Summary

Despite some minor problems it was a great ride. The weather started cloudy in the morning but improved during mid day. Only when I got off the train in Ikebukuro to cycle home to Setagaya did I notice the wet roads.

I think I did better on the ride than I had anticipated after very little riding in the second half of October. I felt pretty sore on the way home and all day today, but according to the HR monitor I spent far more time at higher heart rates that I normally avoid on long rides, as I was trying to keep up with others.

To me the best part of the ride was not the ghost town or the great views of autumn forests in the mountains but the camaraderie amongst us riding together.

If you missed the ride, watch this space for HFC Nichitsu autumn ride 2014 :)
 
joewein

joewein

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#6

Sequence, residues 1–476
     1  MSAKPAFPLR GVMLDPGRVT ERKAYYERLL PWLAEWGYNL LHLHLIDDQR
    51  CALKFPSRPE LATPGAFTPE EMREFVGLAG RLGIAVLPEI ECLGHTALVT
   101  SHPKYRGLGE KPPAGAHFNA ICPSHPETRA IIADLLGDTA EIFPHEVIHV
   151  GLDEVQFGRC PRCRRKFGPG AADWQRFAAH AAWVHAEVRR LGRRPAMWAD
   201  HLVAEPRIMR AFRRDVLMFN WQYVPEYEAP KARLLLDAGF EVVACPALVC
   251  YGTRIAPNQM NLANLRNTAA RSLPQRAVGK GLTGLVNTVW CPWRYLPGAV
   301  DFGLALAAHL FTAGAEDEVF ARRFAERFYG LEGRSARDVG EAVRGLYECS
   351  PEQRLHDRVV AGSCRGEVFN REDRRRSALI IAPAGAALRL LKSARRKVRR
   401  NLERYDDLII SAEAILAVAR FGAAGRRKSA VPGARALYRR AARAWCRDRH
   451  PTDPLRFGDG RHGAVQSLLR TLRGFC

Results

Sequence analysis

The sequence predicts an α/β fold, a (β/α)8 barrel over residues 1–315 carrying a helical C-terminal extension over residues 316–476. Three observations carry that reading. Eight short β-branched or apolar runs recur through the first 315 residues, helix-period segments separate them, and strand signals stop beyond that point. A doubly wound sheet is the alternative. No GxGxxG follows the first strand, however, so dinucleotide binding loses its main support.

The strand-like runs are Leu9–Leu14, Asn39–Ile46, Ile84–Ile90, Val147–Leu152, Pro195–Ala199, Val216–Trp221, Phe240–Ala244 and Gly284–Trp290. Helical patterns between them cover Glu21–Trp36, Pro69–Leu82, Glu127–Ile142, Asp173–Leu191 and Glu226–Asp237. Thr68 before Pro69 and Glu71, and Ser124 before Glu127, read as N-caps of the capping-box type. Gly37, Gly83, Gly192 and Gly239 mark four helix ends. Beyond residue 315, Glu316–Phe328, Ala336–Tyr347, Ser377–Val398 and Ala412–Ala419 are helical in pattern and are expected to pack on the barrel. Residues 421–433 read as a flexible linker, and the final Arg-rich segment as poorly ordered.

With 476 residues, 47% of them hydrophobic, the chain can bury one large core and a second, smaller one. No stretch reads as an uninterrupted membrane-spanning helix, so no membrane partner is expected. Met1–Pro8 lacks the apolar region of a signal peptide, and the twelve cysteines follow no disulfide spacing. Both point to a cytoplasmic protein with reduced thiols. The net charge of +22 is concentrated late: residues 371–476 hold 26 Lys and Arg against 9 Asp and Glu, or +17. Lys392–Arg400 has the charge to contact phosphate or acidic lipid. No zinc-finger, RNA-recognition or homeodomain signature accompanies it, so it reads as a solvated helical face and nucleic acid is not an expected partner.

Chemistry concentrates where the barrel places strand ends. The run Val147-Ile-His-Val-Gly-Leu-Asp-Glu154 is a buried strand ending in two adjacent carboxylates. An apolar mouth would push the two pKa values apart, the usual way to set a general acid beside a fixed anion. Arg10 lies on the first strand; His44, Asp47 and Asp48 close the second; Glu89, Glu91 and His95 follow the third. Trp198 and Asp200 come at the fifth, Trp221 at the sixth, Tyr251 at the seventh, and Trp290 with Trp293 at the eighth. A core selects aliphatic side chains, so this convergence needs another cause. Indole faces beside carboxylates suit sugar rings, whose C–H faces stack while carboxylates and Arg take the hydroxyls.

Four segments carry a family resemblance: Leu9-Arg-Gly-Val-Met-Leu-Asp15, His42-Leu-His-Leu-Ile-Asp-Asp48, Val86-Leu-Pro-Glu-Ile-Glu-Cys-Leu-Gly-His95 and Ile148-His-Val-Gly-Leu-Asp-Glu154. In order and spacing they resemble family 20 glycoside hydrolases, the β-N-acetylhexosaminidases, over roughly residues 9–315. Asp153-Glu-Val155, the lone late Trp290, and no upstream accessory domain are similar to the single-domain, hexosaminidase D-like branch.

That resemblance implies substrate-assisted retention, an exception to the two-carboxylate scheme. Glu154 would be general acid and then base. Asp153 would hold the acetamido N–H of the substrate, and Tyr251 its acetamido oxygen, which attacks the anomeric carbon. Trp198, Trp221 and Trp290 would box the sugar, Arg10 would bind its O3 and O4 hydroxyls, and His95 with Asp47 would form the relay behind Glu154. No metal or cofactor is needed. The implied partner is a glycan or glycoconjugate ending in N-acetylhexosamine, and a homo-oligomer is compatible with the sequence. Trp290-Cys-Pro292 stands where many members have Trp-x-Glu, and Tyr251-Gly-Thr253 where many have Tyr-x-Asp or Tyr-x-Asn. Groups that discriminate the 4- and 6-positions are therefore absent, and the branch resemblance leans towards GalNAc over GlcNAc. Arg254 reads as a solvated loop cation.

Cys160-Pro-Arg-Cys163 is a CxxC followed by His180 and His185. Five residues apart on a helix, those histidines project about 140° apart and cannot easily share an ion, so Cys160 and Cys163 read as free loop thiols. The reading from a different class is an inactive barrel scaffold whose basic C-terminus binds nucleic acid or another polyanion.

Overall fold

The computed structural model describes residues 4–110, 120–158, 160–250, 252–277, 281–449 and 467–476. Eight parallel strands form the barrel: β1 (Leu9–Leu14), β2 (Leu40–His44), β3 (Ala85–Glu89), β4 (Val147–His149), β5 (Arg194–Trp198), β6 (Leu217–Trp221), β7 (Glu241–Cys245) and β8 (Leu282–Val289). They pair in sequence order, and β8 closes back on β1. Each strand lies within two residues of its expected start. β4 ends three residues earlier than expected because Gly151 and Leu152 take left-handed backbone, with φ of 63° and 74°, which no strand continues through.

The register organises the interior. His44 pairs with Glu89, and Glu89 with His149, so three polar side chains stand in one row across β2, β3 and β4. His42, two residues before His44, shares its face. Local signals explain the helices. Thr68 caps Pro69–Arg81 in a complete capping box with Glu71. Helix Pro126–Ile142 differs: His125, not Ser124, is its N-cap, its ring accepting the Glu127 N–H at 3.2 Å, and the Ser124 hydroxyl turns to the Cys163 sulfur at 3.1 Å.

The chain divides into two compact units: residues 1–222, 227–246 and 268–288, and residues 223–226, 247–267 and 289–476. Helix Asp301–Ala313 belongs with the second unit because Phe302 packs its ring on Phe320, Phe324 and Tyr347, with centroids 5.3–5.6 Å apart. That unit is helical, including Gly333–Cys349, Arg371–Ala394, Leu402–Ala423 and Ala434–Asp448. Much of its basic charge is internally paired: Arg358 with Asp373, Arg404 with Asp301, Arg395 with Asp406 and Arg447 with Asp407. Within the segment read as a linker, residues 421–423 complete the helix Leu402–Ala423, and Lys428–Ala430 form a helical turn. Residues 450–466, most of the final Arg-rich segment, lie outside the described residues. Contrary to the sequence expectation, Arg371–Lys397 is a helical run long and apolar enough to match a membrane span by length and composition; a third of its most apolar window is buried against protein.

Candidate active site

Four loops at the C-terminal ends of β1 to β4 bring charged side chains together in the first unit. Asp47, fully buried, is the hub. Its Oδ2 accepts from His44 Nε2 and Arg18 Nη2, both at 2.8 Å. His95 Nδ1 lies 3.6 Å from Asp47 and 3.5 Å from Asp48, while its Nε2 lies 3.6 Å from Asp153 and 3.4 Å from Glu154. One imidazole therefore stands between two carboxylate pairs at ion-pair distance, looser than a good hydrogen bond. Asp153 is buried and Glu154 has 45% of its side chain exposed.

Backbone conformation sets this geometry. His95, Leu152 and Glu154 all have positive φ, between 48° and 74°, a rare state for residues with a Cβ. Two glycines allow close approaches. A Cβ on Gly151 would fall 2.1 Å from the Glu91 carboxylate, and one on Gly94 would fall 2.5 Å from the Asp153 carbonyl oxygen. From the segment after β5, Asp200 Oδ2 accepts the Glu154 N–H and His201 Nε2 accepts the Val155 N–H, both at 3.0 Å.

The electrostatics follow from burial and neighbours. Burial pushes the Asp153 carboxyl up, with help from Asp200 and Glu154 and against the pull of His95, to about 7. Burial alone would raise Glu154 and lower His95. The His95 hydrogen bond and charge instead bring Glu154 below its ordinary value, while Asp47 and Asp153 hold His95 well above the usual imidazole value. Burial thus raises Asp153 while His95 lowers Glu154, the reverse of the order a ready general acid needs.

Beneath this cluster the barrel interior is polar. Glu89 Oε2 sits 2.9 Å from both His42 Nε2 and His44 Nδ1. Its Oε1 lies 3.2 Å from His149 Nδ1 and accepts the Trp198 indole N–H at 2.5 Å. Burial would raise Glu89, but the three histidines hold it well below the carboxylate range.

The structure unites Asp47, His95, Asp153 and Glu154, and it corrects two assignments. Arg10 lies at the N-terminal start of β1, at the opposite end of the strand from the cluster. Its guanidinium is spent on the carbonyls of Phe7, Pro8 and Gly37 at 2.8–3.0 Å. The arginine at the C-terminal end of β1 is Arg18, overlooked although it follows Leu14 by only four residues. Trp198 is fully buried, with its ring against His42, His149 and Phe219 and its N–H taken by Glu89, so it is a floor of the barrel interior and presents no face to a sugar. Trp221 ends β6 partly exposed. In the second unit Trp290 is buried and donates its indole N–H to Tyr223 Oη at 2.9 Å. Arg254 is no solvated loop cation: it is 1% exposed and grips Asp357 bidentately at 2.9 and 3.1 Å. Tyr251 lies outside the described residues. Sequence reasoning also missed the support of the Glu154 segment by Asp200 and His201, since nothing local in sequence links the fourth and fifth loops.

Hi Tim, I also couldn't help noticing the various @GSAstuto bikes, including the 2012 Haute Route finisher on this ride :) They are getting very popular.

I hope you can join a somewhat slow ride with me some time when you're not training for an epic event like Haute Route or your upcoming ride in China.
 
Likes: GSAstuto
GSAstuto

GSAstuto

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Thanks, Joe! Actually the next 'epic' event is the 100+km HC TT in Taiwan with Naomi and Alan. This is the mother of all mother's HC TT in Asia. After that - 'the bike' is retired and I'm back to fixed gear for the winter, if not longer!
 
Chris Williams

Chris Williams